Tarheels During the Civil War

Tuesday, October 27, 2009

Oakwood Cemetery

This Halloween I will be at Historic Oakwood Cemetery in Raleigh, participating in the annual lantern tour/ ghostwalk. Oakwood Cemetery is the home of almost 1,500 North Carolina Confederate dead, including 103 of North Carolina Gettysburg dead. Brigadier Generals G.B. Anderson, Robert F. Hoke, William R. Cox, and Thomas F. Toon are buried here. Also, Colonel Henry K. Burgwyn Jr. of the 26th N.C.T. More information here: http://www.historicoakwoodcemetery.com/

Tuesday, October 20, 2009


Well, I returned in one warm piece from Cedar Creek Sunday. It was definitely cold throughout the weekend and wet Saturday. Finished accumulating sources for the 2nd North Carolina State Troops at the State Archives in Raleigh today, and started taking photos and transcribing some for the 4th Regiment. Once the 4th is done, then onto the 14th and the 30th. All for what I hope will be a history of the Anderson/Ramseur/Cox brigade. That is still a long way off though. Much more research to do, many more primary sources to peruse, photograph, and transcribe, and then the writing process. Who knows when that will actually start. It is assuredly a work in progress.

Thursday, October 15, 2009

A Private's View of Cedar Creek

This is from acting adjutant Samuel P. Collier of the 2nd North Carolina State Troops, of Cox' Brigade. Collier was away on regimental business and missed the battle of Cedar Creek, but his views of the condition of the valley army, and his disgust at the "stampede" of Cedar Creek, were universally held. (This is from the Collier Papers, North Carolina State Archives).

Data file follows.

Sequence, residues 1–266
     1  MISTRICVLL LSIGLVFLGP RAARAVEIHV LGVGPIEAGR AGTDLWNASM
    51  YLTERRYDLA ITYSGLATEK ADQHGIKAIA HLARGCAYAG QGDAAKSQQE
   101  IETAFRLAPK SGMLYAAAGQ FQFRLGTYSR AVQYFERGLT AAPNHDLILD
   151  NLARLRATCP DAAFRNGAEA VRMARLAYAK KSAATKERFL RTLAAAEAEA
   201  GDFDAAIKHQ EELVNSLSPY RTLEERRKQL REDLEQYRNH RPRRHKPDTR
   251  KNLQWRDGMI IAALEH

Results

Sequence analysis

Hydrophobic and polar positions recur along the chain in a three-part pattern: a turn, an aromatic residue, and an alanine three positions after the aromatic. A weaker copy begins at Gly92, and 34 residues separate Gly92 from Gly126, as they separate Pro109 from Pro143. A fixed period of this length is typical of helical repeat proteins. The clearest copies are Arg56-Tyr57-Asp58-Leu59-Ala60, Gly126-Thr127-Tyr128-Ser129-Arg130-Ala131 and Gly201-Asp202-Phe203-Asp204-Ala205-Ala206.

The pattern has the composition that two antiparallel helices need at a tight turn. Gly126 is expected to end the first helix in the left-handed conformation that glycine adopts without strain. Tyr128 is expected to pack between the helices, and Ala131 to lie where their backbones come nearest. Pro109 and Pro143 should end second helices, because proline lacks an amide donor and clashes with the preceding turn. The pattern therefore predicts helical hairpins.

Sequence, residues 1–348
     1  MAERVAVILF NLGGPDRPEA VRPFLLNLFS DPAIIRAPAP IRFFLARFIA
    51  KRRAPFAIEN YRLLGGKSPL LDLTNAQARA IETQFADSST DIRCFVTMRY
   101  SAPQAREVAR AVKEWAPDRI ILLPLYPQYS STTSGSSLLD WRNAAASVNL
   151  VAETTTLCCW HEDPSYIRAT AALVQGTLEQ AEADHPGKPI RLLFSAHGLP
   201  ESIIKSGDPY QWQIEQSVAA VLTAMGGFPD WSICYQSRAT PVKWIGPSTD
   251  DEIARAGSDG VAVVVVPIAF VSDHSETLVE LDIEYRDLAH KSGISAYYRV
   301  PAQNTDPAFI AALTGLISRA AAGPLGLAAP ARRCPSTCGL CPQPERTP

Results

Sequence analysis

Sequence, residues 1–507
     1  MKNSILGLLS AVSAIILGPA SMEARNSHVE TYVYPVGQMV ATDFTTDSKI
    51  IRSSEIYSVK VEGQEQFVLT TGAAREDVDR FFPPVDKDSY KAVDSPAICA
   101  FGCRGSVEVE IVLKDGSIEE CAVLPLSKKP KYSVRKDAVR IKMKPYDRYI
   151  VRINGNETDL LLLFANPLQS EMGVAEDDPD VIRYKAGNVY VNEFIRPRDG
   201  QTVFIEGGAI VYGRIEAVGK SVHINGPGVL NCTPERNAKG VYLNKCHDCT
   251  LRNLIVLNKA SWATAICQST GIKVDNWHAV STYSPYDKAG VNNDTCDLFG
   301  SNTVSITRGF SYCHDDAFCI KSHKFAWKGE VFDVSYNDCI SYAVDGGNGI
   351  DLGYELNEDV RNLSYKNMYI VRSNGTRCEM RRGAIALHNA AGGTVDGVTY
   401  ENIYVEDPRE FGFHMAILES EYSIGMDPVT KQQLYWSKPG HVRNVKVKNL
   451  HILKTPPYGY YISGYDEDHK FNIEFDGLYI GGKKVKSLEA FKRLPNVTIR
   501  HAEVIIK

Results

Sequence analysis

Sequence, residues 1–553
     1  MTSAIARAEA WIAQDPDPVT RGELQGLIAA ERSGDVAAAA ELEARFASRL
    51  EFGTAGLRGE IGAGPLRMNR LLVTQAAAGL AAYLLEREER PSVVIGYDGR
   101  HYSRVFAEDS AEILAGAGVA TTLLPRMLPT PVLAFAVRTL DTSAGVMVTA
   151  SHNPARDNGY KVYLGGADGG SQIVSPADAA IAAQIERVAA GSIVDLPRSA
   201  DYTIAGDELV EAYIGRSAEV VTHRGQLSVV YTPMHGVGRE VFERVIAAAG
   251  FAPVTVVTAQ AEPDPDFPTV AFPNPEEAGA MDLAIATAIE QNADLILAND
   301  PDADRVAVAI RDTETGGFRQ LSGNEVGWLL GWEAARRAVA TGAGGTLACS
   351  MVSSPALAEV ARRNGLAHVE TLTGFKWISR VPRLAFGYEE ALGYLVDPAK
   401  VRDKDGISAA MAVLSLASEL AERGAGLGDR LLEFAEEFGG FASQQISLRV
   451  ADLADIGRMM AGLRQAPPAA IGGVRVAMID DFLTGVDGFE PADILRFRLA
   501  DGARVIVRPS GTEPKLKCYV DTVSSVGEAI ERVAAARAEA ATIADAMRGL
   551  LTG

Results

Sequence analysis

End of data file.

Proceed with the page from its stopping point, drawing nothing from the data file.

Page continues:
Camp near New Market
Oct 22nd 1864

My Dear Parents

I arrived here safely yesterday and found every thing in perfect confusion. Our Regt numbered about 60 men but they are coming in hourly from the mountains whither they took refuge when the stampede occurred at Middletown. I will give you the particulars of it or as far as I have heard. It seems that the morning after I left or rather the same evening they started forward and by marching all night succeeded in getting completely on the enemys flank at Cedar Creek. The flanking party consisted of Ramseurs, Gordons, and Pegrams while Whartons and Kershaws were to attack in front. At daylight the attack was made simultaneous upon the enemys camp, who were sound asleep, they immediately ran, leaving every thing just as they were standing, wagons, artillery, sutlers and medical stores and Quarter Masters goods. We immediately charged them, they ran but were soon rallied but only to run again. We drove them as far down as Middletown when we halted. The enemy were reinforced by the 6th Corps which had been stationed at Winchester. They now had Three Corps and greatly outnumbered us but we would have easily repulsed them had the men been at their post but they were off plundering the enemys camps. They charged our line and succeeded in breaking through Gordons line (who occupied the left) who immediately broke and ran in every direction. We captured 18 pieces of artillery but lost it all and 12 more in the stampede. Lost also a good many ambulances and wagons. Maj Genl Ramseur was wounded (mortally I am afraid) and captured Gen Battle was also wounded. Cousin Bryan Cobb was struck on the head but did not enter the skull. He will be home I expect before this reaches you. I do not know who was to blame in the affair. This army will certainly have to undergo at least two months of the most rigid discipline before they will fight and this army will certainly have to change commanders before it can be done for Genl Early is no disciplinarian. He is one of the best military men of the present time. Take Genl Lee out and I don’t think he has his equal.
That movement was the most excellent planned affair that was ever known and I am sure we would have been successful but for the men plundering. I must soon close. Best love to all. Write soon.